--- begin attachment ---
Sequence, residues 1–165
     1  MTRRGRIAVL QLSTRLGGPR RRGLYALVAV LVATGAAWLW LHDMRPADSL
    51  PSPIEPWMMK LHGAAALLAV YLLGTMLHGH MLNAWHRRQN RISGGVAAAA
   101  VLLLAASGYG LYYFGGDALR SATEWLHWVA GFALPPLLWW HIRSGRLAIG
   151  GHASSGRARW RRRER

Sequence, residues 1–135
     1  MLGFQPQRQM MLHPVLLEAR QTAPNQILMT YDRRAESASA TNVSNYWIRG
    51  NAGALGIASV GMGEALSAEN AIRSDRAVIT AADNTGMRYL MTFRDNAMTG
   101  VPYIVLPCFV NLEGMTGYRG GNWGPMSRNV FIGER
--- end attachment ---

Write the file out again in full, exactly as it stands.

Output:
Sequence, residues 1–165
     1  MTRRGRIAVL QLSTRLGGPR RRGLYALVAV LVATGAAWLW LHDMRPADSL
    51  PSPIEPWMMK LHGAAALLAV YLLGTMLHGH MLNAWHRRQN RISGGVAAAA
   101  VLLLAASGYG LYYFGGDALR SATEWLHWVA GFALPPLLWW HIRSGRLAIG
   151  GHASSGRARW RRRER

Sequence, residues 1–135
     1  MLGFQPQRQM MLHPVLLEAR QTAPNQILMT YDRRAESASA TNVSNYWIRG
    51  NAGALGIASV GMGEALSAEN AIRSDRAVIT AADNTGMRYL MTFRDNAMTG
   101  VPYIVLPCFV NLEGMTGYRG GNWGPMSRNV FIGER